What do you think when you see the word “identity”.  What do you know about this term?

What do you think of the term “residential”?  What do think it would be like to live at a school? How would you feel if you lived at PW Mini for your high school education?  Your parents?

So far, what’s the mood/atmosphere of the novel?  What kinds of things do you think shaped Indigenous students’ identities?

What makes you a Canadian? What makes you culturally or socially Canadian?

Do these examples conform to the traditional Canadian stereotype?

“What makes the Red Man Red” video. What are the negative consequences of the stereotypes portrayed here?

Reflect on European Artwork depicting Indigenous Peoples.  First impressions?

Reflect on Noble Savage, White Man’s burden…

Artifact – cultural heritage symbol.  Consider how the artifact is significant to cultural heritage and identity? Reflection first… then in depth analysis.

To page 42.  Where do we find the theme of identity in the novel so far?  Provide a significant quotations.  One important question so far.

Would you rather buy an old heritage home or a brand new house?  Why?  Connect to topic of tradition vs. change.  Why are old houses sometimes more appealing even though they might have maintenance or structural issues?  Why are newer houses more appealing in some cases?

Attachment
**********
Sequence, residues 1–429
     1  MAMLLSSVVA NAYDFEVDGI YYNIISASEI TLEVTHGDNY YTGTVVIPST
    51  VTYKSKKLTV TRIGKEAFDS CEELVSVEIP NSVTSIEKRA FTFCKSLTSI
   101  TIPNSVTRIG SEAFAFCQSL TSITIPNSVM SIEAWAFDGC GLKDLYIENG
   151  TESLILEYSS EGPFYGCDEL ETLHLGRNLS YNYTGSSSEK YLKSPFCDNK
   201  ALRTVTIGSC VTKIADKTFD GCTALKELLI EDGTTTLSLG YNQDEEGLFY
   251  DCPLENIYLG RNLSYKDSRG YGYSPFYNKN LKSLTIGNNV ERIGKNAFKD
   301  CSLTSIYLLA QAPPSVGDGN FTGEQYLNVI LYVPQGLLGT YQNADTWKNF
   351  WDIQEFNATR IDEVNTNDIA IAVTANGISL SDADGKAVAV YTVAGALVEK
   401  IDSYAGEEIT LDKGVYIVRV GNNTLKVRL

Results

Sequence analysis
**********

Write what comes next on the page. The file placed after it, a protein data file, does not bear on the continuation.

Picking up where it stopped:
Can you connect this idea with what we have studied so far in the novel?

Saul’s family transition from a loving family to people Saul is afraid of (p. 30) and “seemed like strangers” (p.33).  What have these spiritual differences caused physically and emotionally?

What are your impressions of Saul’s grandmother? What is her role in Saul’s life? Despite her resourceful nature and sense of spirituality, she still succumbs to the cold and hostile environment.  What does her death represent?

What makes an image stand out and create an emotional response? Positive or negative. Connect imagery to identity. Find an image that stands out for you in the novel so far.

Identity and Spirituality and Physical self…. school’s ability to break things. What’s being broken?  Examine Sheila’s transformation (p. 51). Topic of escape….

What are the qualities of a good role model? What makes the priest a good role model?

In the past 6 chapters Saul has undergone many changes in environment and community.  How has hockey affected Saul?

Consider how Saul is following the Hero’s Journey archetype?